Lately I’ve been trying a little putting stroke for short putts—under six feet. It’s a short, wristy stroke.
I figure the reason we miss short putts is that the putter wobbles at some point going back and forth before it gets to the ball. By then, the face is no longer aimed at the hole, and the ball slides by.
The key, then, is to keep the face square to the starting line at all cost.
So I started by taking the arms and shoulders out of the stroke. They can wander. Then I took the hands out of the stroke. They can twist and turn.
All that is left are my wrists. Just a slight bit of horizontal hinging is all I need to get the ball going. The putter goes back maybe thee inches and about that on the follow-through.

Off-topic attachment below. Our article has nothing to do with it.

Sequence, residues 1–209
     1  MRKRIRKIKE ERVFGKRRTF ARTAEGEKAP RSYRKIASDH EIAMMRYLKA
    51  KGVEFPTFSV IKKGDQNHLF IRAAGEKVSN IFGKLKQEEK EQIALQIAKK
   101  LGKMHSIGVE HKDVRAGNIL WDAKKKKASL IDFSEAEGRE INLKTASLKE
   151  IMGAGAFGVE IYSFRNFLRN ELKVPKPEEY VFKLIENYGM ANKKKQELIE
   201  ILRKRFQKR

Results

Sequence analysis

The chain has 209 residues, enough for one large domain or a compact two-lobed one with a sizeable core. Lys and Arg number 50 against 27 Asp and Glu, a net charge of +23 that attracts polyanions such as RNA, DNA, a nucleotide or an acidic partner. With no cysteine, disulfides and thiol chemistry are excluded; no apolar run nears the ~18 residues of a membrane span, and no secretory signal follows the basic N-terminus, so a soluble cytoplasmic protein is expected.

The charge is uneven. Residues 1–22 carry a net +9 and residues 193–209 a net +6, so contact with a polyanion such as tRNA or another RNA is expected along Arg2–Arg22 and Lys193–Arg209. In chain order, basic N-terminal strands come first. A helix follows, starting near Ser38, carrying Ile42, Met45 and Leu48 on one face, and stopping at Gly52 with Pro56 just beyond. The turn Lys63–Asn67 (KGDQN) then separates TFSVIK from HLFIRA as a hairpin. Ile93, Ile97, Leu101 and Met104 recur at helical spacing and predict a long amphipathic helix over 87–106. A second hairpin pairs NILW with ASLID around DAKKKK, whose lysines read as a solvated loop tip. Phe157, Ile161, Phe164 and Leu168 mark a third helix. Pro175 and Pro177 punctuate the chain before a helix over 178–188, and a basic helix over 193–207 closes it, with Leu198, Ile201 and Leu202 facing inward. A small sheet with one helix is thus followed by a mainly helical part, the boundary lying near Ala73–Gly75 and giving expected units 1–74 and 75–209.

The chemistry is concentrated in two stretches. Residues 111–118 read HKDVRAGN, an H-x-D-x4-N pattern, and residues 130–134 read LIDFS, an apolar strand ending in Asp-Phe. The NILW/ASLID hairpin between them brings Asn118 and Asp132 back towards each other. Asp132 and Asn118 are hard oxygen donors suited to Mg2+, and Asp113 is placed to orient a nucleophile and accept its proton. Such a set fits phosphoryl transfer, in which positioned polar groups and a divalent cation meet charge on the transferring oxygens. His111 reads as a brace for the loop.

Since the only things moving are your wrists, and they can only hinge around a fixed axis (law of anatomy) there really isn’t much that can go wrong.
And with such a short stroke, the face stays square without having to deliberately hood the face going back, then undo that coming through.
If you have read the putt correctly and aimed the face square to the starting line, the ball will go in.
Now here’s the important part. This is not a pop stroke. It’s not a jab. It’s a relaxed stroke that takes the head back gently and brings it through gently, but with a little “hit” on the ball. Just a little. These are short putts, so you don’ t need much hit at all.
If you find yourself popping the ball anyway, hold the club very lightly. It’s hard to be poppy with such a light grip.
Try this on your carpet at home. Remember, wrists only, gentle back, gentle through, with a tiny bit of hit.